By contrast, in Christie’s last budget the pension contribution was $2.5 billion, or just half of what actuaries would have considered to be a full payment that year. During Christie’s two terms, a combined nearly $9 billion was deposited in the pension funds, while more than $11.5 billion will have been contributed by Murphy and lawmakers during just the 2021 and 2022 fiscal years.

Total state funding of K-12 education has also risen significantly during Murphy’s tenure, from about $14 billion in Christie’s last budget to more than $18 billion in the fiscal year 2022 spending plan. This includes increases in funding for so-called direct formula aid to school districts, which the latest budget boosted by nearly $580 million year-over-year.

The total for state-funded direct property-tax relief programs like Senior Freeze and the Homestead Benefit is also up, from nearly $900 million during Christie’s last year in office to over $1.2 billion in the latest budget. That includes a newly approved nearly $80 million increase in funding for the Homestead program. The increase will be used to halt the long-standing practice of using outdated property-tax bills from 2006 as the baseline for calculating Homestead benefits. As a result, the average annual individual Homestead benefit will increase by at least $130.

Meanwhile, the latest state budget is also devoting more than $300 million for an entirely new state tax-rebate program that will result in checks of up to $500 being mailed this summer to more than 750,000 New Jersey families who meet the program’s income and dependent qualifications.

The new budget also underwrites several other tax-policy changes, including a further expansion of the Earned Income Tax Credit for low-wage workers and a widening of income tax exclusions for retirees that were last increased during Christie’s tenure.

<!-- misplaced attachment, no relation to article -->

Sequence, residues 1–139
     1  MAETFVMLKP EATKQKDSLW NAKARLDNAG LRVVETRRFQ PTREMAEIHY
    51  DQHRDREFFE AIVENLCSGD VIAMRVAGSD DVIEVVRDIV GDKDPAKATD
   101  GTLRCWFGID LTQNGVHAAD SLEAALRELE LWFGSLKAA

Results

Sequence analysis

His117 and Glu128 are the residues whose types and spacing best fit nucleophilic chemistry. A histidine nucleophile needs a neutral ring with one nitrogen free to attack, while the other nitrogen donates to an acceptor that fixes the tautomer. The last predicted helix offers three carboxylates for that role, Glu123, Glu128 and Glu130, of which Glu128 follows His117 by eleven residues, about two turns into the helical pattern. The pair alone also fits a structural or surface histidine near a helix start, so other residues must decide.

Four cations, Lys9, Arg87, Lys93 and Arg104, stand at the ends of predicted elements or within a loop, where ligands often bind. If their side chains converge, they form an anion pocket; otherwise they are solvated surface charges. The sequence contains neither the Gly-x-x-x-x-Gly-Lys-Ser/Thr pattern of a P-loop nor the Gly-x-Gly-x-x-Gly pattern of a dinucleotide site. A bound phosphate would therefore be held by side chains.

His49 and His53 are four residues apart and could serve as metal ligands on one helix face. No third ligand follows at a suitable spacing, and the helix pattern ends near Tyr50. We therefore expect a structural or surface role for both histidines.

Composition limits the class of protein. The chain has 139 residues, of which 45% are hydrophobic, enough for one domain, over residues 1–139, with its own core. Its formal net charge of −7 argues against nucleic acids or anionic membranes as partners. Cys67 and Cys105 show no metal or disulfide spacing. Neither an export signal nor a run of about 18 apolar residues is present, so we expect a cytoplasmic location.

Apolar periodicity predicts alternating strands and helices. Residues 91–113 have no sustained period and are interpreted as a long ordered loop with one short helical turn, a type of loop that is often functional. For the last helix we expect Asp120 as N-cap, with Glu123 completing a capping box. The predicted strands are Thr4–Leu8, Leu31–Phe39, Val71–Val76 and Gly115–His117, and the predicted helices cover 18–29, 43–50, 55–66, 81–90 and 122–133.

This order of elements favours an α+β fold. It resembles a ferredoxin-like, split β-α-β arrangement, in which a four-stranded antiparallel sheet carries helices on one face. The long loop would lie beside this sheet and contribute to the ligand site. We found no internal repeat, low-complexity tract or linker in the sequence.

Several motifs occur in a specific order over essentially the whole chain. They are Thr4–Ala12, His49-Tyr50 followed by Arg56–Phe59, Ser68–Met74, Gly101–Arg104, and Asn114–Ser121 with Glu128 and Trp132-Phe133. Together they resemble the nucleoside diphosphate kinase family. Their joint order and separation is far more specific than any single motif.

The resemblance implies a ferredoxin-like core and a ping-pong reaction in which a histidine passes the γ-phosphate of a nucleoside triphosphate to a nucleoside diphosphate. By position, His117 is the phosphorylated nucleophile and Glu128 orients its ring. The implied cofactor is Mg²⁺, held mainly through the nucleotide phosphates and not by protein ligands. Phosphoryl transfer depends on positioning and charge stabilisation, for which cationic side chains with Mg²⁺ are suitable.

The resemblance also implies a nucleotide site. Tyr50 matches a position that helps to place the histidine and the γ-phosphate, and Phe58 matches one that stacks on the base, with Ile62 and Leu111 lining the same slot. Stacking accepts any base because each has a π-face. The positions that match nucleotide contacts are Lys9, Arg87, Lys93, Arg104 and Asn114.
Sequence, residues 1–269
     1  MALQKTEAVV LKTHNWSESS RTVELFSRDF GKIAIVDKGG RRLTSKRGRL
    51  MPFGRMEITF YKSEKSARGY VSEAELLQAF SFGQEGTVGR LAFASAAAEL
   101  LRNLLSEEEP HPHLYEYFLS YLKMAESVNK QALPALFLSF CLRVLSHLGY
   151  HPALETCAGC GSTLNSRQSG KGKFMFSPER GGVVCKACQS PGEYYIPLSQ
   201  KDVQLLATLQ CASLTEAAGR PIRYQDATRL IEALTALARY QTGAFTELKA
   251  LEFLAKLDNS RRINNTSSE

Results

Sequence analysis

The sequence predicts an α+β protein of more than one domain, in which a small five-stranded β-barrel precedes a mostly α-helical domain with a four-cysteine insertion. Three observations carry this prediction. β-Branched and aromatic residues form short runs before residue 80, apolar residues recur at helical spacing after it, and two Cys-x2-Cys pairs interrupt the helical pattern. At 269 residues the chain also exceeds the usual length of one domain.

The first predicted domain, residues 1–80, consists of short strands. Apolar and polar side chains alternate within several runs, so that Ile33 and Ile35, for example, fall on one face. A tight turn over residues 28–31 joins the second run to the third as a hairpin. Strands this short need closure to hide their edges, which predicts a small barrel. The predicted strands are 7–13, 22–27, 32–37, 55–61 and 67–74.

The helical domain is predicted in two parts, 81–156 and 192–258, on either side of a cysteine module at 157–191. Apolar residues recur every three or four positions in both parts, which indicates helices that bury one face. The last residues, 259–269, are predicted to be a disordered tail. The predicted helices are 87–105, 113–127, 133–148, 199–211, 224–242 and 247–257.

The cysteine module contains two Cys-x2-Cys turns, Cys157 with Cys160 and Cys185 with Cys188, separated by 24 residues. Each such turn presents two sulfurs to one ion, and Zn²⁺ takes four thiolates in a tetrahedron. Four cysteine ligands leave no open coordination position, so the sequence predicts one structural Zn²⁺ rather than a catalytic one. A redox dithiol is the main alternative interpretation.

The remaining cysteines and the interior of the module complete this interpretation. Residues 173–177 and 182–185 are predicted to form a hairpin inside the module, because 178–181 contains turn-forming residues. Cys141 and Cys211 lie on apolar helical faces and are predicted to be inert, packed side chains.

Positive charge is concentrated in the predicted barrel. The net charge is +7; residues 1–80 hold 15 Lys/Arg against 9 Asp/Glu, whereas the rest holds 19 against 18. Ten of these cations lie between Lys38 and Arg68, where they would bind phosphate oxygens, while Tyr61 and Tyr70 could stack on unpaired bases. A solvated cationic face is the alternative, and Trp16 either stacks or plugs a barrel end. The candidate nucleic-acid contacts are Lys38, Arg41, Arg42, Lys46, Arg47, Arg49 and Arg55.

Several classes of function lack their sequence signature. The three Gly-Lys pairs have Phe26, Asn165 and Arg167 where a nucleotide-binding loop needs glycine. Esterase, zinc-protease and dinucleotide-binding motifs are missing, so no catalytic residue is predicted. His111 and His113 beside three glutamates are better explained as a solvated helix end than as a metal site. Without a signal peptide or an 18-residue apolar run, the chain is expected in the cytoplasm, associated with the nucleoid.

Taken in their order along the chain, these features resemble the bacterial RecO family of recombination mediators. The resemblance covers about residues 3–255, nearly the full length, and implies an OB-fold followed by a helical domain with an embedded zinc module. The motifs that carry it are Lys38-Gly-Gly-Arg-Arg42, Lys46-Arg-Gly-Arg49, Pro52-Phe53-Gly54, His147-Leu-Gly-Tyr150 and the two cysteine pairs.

Murphy has also created new programs that provide free tuition for county college students and some students at four-year colleges, and the new budget also establishes new incentives aimed at helping families earning less than $75,000 annually save for college.

What about state debt?

Treasury’s latest annual report on borrowing issued earlier this year indicated the state’s total for bonded debt was just over $44 billion at the end of the 2020 fiscal year, up nearly 14% from a decade ago.

But not counted for that report was the nearly $4 billion borrowed without voter approval last year in response to the pandemic.

That borrowing issue has left taxpayers funding principal and interest payments into the 2030s because the so-called COVID-19 bonds were structured in a way that prevents them from being retired early — something that’s been widely criticized by Republican lawmakers, who serve in the minority in both houses.

Also established along with the adoption of the new budget last week was the New Jersey Debt Defeasance and Prevention Fund.

That fund, stuffed with a $3.7 billion appropriation, earmarks $2.5 billion for retiring existing debt that likely has a higher interest rate than the roughly 2% the state was charged for last year’s COVID-19 borrowing issue. The remaining $1.2 billion is earmarked for funding planned capital projects on a pay-as-you-go basis instead of new bonds having to be issued.

Budget reserves?

Murphy inherited budget reserves of about $600 million from Christie, while the new budget for the 2022 fiscal year calls for a closing surplus of $2.356 billion. To be sure, the overall budget is now much bigger than it was when Christie was in office, but today’s budget reserves also equal a larger percentage of planned spending. That should leave the state better prepared for any unexpected revenue losses during the next economic downturn.

However, even with a recent windfall of tax revenue, the new budget drained the state’s rainy-day fund, an account that is supposed to be replenished during times when the state’s general fund is flush with cash.

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published this page in News and Politics 2021-07-06 03:30:21 -0700